Narodne novine is the official gazette of the Republic of Croatia which publishes laws, regulations, appointments and official decisions and releases them in the public domain. It is published by the eponymous public company.
The 1917 Code of Canon Law, also referred to as the Pio-Benedictine Code, was the first official comprehensive codification of Latin canon law. It was promulgated on 27 May 1917 and took legal effect on 19 May 1918. It was in force until the 1983 Code of Canon Law took legal effect and abrogated it on 27 November 1983. It has been described as "the greatest revolution in canon law since the time of Gratian".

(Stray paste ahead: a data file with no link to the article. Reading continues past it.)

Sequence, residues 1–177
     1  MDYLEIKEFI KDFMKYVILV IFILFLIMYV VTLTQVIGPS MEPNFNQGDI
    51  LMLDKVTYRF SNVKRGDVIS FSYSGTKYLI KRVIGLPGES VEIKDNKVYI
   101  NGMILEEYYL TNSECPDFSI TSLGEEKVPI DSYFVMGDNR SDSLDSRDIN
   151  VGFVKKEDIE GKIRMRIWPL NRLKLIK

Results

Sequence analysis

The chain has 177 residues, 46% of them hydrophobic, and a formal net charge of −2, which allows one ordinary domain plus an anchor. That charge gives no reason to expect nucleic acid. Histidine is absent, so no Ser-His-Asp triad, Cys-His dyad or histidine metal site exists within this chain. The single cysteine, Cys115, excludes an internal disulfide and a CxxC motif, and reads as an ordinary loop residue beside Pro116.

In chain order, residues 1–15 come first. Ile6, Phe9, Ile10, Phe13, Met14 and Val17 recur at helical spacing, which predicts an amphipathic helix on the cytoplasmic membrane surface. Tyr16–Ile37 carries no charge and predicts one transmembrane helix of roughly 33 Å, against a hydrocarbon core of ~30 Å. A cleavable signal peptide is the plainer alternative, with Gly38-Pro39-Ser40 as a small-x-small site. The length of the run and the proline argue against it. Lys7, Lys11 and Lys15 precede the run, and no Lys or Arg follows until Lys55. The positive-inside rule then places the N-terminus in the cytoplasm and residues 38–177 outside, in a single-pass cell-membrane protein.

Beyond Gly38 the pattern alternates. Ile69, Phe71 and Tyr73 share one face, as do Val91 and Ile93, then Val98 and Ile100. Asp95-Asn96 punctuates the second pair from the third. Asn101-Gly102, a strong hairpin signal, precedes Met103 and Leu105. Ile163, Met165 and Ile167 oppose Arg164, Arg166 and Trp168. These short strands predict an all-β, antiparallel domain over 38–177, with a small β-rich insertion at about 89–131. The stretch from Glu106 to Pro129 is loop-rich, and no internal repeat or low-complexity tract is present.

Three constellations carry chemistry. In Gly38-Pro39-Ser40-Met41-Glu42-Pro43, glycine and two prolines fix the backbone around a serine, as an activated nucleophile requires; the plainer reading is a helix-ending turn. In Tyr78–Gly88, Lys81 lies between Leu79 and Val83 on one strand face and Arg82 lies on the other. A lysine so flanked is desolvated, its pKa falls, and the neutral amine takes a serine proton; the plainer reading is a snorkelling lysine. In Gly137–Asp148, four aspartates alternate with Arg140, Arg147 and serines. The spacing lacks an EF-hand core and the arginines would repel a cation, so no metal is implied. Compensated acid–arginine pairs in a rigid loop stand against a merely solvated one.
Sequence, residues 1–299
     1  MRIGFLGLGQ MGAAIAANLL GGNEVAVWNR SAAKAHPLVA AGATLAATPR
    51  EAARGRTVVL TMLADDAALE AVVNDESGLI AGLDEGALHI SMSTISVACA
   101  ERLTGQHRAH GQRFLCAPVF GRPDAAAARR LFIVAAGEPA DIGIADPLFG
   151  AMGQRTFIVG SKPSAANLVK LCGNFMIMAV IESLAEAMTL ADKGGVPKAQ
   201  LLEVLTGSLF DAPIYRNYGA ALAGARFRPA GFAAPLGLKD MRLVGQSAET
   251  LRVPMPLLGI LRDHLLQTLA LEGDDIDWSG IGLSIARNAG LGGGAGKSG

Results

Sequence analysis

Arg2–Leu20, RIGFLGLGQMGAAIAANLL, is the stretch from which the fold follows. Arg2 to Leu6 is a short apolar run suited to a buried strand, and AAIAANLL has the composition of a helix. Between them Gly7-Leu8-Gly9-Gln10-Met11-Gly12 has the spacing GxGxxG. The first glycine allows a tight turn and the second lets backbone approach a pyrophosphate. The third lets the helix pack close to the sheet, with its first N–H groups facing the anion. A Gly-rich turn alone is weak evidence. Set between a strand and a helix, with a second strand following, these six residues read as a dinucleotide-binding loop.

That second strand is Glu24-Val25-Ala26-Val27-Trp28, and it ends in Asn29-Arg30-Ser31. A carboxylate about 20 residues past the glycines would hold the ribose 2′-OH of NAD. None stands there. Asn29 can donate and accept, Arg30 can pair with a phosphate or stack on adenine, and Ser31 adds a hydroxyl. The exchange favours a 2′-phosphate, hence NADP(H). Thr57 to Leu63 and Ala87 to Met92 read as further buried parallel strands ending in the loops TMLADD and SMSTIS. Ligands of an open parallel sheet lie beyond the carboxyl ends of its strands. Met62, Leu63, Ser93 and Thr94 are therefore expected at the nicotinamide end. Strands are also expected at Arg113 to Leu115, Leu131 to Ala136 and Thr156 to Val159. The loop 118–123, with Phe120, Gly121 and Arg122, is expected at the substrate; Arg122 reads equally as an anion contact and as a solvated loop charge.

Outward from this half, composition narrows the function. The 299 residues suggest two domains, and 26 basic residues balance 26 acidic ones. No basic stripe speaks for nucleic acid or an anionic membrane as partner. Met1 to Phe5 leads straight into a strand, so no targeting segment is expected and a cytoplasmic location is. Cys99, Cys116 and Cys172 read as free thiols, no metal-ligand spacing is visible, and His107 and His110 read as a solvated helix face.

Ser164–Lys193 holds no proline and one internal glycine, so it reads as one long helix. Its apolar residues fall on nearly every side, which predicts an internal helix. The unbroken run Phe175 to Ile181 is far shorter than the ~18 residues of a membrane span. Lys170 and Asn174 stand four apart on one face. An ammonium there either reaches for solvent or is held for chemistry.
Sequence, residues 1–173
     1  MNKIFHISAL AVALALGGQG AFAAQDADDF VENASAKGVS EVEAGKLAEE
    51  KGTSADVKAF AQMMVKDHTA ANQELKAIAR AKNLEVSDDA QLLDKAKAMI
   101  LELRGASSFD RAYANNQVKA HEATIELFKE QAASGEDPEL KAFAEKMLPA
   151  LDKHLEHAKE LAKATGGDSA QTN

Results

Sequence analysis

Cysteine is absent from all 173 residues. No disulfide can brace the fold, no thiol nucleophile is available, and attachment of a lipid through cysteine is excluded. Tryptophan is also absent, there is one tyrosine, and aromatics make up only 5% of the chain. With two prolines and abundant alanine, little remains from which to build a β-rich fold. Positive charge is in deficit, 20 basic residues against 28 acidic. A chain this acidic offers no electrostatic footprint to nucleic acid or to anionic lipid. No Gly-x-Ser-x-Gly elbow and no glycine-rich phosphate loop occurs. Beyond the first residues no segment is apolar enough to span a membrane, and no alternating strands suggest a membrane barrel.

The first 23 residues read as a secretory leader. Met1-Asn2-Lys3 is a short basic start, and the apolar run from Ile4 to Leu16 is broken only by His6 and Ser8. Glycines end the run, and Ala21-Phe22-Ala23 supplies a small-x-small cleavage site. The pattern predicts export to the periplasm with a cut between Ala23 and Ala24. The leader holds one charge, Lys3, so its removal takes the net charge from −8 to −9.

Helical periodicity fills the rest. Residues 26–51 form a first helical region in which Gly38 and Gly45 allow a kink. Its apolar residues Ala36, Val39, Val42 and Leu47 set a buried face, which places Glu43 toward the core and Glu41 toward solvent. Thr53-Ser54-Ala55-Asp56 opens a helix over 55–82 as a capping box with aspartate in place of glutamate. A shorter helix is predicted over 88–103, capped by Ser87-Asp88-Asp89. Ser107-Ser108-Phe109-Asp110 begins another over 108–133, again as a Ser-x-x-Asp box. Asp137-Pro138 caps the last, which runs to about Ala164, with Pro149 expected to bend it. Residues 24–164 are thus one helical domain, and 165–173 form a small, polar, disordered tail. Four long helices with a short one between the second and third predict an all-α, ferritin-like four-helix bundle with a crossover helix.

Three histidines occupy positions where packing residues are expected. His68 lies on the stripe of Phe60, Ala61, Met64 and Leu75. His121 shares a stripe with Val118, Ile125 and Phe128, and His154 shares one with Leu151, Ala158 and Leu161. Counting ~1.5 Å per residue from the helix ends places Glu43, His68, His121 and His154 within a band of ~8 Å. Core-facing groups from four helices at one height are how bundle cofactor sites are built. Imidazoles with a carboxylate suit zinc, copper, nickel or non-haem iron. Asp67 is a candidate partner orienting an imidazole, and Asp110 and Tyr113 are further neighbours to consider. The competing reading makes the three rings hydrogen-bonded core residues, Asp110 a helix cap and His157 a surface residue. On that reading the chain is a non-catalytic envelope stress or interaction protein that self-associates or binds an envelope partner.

The 1983 Code of Canon Law, also called the Johanno-Pauline Code, is the "fundamental body of ecclesiastical laws for the Latin Church". It is the second and current comprehensive codification of canonical legislation for the Latin Church sui iuris of the Catholic Church. It was promulgated on 25 January 1983 by John Paul II and took legal effect on the First Sunday of Advent 1983. It replaced the 1917 Code of Canon Law, promulgated by Benedict XV on 27 May 1917.
A number of Catholic priests have served in civil office. The Catholic Church discourages this practice.